Crude prices have been surging the last few weeks with the expected loss of Iranian supply beginning November 4th. With that, the U.S. has been ramping up pressure on OPEC to increase production in an attempt to lower oil prices.
The bad news flowing out of Venezuela this year rivals even that of the mighty surges of the Orinoco River as news came out over the weekend of an assassination attempt against Venezuelan President Nicolás Maduro. During a televised speech to soldiers, a drone carrying explosives detonated in the skies of Caracas, forcing President Maduro and his retinue to flee for safety. Although he escaped without injury to his person, his reputation and government took a considerable hit. This latest attempt comes amidst widespread economic collapse and cataclysmic inflation levels.
On May 22nd WTI Crude nearly reached $73 / barrel and since then prices have dipped almost 10%.
Thursday marked the largest drop in the oil market since May 8th based on OPEC’s most recent rhetoric. After the United States had withdrew from the Iranian Nuclear Deal everyone has seen prices go up at the pumps and the volatility in the market is as prevalent as ever. So what has finally stalled this rallying market? The answer is OPEC, primarily Russia and the Saudi’s, have begun putting it out there that they are considering increasing production to compensate for Iranian and Venezuelan crude potentially leaving the mainstream market. The current stance the U.S. is taking though seems to point at applying severe sanctions on both oil producers within the not so distant future.
Headlines continue to roil the oil markets and map out a most certain volatile summer for prices.
- The potential of further crude supply disruptions in Venezuela and Iran have pushed prices to 3 ½ year highs.
- Reports that the US could impose even tougher sanctions on Iran and possibly new sanctions on Venezuela.
- In a speech before the Heritage Foundation Monday, US Secretary of State Mike Pompeo said the Trump administration would impose "unprecedented financial pressure in the form of the strongest sanctions in history" unless the Islamic Republic renounced all its nuclear activities, its ballistic missile program, and its support of regional proxies.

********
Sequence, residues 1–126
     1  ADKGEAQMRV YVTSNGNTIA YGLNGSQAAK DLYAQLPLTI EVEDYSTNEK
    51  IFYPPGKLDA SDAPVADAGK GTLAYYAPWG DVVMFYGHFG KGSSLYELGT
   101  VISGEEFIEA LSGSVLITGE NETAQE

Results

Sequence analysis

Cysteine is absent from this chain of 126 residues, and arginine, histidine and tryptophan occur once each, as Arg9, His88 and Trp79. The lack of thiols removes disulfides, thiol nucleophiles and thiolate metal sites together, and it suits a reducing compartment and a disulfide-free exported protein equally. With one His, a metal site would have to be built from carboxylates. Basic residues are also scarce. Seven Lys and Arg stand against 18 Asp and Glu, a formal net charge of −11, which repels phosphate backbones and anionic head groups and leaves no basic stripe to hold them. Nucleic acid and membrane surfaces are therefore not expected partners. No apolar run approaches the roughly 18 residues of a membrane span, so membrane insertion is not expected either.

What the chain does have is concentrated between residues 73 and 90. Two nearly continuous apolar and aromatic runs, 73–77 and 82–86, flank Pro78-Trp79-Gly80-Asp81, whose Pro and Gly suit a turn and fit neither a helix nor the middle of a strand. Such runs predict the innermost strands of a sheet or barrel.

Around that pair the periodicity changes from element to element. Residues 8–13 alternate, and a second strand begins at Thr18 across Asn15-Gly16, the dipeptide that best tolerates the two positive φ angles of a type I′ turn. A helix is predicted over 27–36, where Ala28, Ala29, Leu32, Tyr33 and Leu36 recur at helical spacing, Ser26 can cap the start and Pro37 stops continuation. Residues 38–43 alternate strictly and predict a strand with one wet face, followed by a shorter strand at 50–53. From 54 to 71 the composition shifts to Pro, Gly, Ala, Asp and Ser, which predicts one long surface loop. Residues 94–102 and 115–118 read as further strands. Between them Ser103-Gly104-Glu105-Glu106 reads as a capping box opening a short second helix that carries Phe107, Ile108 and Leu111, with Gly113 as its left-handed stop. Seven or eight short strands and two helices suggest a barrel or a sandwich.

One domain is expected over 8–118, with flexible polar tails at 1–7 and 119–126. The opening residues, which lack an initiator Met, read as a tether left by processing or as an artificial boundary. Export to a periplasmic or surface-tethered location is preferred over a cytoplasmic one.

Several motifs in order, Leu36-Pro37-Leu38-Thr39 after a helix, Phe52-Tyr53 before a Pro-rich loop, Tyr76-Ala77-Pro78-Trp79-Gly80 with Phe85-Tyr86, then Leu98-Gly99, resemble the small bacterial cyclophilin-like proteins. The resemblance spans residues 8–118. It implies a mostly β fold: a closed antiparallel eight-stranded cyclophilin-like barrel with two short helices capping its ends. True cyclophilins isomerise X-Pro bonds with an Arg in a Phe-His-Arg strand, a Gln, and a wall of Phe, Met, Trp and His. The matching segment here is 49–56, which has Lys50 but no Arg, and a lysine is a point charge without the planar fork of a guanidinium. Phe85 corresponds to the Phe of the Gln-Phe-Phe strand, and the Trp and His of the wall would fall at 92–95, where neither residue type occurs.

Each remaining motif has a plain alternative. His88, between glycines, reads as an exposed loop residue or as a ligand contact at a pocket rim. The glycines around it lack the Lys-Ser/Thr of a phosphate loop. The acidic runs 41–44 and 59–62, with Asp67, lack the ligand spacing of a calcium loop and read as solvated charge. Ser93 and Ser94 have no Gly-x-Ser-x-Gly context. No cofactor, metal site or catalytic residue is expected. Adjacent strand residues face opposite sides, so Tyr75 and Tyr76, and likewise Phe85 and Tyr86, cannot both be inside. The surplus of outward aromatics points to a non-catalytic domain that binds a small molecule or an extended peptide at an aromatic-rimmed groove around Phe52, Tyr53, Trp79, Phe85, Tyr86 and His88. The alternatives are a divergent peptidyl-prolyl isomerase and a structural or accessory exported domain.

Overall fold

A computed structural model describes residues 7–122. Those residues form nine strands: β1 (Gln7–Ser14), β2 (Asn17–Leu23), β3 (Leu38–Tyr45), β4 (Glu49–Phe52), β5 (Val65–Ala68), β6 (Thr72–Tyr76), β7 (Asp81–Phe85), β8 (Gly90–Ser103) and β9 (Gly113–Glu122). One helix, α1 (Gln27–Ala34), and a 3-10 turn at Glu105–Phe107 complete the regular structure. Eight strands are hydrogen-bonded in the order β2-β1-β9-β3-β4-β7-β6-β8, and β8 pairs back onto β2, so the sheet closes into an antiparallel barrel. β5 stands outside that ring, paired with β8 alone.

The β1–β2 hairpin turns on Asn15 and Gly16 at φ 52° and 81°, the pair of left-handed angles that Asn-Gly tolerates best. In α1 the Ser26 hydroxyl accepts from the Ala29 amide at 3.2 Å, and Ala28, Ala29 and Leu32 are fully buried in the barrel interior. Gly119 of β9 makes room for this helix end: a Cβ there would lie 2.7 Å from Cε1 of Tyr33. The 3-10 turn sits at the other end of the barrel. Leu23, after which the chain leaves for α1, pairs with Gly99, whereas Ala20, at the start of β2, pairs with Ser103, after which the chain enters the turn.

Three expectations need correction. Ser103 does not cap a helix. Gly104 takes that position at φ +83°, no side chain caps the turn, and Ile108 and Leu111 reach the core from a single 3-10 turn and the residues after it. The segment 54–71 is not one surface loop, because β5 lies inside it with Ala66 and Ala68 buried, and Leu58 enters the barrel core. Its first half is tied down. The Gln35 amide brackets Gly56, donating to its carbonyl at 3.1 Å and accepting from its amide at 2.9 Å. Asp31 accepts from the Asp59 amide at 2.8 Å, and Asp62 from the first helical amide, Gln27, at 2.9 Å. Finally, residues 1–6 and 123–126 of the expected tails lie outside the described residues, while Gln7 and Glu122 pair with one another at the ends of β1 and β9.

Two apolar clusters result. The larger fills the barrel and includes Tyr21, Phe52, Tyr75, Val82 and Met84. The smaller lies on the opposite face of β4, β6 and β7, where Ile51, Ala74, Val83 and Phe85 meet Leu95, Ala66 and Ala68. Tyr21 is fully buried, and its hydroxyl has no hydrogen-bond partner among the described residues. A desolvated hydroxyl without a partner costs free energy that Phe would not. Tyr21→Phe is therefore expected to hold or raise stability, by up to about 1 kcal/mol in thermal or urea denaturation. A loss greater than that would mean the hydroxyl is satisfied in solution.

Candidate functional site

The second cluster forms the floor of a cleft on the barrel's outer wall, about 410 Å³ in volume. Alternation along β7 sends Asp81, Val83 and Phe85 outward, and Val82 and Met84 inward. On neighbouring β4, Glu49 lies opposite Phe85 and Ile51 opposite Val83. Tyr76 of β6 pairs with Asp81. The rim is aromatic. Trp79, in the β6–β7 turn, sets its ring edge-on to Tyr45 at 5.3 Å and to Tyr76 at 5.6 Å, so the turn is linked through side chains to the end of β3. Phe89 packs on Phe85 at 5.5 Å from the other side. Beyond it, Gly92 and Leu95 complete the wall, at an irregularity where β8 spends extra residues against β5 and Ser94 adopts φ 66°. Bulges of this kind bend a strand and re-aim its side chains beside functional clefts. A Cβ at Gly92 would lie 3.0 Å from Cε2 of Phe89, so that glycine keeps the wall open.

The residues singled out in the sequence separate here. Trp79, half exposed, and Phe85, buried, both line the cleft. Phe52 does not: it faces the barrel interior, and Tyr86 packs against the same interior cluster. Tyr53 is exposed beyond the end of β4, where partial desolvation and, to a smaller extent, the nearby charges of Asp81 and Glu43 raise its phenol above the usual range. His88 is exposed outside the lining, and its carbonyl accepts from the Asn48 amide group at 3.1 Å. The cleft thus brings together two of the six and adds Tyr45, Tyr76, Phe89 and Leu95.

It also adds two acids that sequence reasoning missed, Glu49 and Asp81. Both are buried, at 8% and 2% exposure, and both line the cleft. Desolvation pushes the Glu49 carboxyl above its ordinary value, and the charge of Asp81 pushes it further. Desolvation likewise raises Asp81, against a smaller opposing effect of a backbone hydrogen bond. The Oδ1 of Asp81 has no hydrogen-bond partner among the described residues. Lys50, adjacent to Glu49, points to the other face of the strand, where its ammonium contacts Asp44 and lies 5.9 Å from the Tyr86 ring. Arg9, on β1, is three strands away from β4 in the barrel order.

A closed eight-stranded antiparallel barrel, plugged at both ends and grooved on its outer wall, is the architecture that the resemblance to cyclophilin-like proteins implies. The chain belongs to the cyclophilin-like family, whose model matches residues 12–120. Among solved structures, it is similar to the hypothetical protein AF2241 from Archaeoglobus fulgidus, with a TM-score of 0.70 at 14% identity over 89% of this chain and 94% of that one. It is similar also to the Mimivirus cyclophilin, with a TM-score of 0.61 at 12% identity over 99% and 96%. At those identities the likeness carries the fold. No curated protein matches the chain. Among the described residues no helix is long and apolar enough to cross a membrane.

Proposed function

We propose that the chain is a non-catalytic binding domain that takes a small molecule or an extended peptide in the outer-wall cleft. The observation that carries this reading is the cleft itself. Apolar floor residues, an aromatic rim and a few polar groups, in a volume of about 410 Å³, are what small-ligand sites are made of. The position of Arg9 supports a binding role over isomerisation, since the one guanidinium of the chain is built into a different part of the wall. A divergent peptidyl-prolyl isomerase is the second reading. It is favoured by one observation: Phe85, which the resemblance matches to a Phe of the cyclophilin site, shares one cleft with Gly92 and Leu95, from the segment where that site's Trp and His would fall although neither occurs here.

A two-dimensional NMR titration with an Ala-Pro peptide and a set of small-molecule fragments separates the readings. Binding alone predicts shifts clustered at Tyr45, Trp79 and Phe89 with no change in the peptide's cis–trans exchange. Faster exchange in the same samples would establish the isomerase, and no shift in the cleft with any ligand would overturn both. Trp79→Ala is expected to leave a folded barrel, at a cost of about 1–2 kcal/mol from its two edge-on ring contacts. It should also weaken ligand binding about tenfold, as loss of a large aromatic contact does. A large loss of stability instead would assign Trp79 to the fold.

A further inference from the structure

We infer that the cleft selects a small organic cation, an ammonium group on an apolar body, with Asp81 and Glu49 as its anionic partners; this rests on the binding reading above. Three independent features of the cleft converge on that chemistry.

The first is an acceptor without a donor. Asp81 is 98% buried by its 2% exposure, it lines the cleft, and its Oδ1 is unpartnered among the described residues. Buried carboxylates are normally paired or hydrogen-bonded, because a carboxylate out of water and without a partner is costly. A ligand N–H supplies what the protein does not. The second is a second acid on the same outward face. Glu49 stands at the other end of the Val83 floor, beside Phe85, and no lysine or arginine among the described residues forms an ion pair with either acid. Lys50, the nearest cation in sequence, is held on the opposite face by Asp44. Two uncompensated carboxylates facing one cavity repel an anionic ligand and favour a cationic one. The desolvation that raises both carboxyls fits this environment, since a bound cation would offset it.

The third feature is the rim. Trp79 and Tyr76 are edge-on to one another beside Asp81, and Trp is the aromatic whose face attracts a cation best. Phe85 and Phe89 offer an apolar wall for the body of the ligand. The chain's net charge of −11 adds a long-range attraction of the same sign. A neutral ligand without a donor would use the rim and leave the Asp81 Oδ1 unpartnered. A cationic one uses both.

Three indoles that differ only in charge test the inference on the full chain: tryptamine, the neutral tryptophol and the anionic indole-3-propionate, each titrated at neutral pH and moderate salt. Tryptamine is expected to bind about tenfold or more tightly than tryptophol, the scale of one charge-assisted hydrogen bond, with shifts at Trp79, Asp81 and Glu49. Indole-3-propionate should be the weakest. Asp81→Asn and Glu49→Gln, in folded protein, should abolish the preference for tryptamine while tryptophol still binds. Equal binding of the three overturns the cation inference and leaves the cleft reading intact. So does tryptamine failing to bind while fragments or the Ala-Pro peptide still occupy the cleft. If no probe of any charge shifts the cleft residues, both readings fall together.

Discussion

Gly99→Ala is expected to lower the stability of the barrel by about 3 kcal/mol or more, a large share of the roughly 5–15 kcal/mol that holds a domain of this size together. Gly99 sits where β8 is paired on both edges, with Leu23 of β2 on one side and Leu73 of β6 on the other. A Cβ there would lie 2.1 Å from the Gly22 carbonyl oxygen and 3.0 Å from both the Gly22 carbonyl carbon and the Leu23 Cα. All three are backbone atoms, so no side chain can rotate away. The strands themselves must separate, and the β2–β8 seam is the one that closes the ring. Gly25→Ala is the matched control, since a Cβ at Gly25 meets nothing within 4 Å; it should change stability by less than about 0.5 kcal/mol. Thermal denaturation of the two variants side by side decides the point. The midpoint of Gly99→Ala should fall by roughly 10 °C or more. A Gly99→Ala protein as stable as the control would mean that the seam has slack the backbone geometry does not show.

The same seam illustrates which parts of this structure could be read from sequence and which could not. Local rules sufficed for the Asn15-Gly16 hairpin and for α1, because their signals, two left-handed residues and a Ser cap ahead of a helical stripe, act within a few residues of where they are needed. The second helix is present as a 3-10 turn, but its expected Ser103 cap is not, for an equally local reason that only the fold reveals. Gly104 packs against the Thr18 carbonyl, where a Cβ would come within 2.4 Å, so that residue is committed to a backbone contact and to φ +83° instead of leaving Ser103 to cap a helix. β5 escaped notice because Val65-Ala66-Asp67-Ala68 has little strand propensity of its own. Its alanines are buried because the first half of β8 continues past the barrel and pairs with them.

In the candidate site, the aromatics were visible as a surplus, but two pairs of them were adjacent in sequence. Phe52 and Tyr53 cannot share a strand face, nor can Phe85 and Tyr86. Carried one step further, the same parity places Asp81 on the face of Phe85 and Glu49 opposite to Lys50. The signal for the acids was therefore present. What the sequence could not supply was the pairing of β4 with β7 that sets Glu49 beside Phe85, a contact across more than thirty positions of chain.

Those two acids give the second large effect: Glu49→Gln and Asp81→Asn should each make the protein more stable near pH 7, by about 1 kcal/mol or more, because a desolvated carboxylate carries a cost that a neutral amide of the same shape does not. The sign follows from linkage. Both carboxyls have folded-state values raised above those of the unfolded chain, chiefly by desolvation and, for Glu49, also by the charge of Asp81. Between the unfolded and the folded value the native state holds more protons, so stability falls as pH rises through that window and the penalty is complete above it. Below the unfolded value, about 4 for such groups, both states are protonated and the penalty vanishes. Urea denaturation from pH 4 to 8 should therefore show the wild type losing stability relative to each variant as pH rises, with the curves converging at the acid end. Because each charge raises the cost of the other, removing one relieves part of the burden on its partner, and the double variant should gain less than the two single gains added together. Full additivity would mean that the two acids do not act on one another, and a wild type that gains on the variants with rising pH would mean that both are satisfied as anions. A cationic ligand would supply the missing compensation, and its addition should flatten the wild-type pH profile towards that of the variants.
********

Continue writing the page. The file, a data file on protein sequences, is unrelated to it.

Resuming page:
- Recent reports from industry watchdog International Energy Agency (IEA) highlighted a steep drop in Venezuela's crude production, with output at the lowest point in decades outside of production loss during the 2002-2003 strike. OPEC, citing secondary sources, reported Venezuela's crude production averaged 1.436 million bpd in April, down 531,000 bpd or 27% against year prior.
- Amid the geopolitical headlines, last week's supply data from the Energy Information Administration showed distillate stocks as of May 11th were at 114.9 million barrels, a sizable 31.9 million bbl less than the equivalent period in 2017. Gasoline inventories stood at 232 million bbl, 8.7 million less on the year, while crude oil stocks at 432.4 million bbl for the week reported were off 1.4 million bbl on the week, though down a substantial 88.4 million bbl versus the same period in 2017.
- As for further evidence of stout demand, EIA reported total products supplied to markets, or implied demand, rose 4.5% or 882,000 bpd from the equivalent week in 2017 to 20.536 million bpd versus 19.654 million bpd in 2017. Increased demand coincides with a reduction in net imports of crude and petroleum products by 41.9%, or 2.08 million bpd from the equivalent period in 2017.
- This is bad news for local distributors who just came through RVP change to summer grade gasolines. Typically, this is a time when margins get squeezed in April and recover in May. With the run up in wholesale prices the last two weeks they are getting squeezed yet again.
- Retail prices in all Pennsylvania markets outside of Pittsburgh should be over $3.00 per gallon for 87 grade gasoline. But they sit at $2.999. None want to blink first and break that psychological price level.
Image Source: http://www.iea.org/statistics/prices/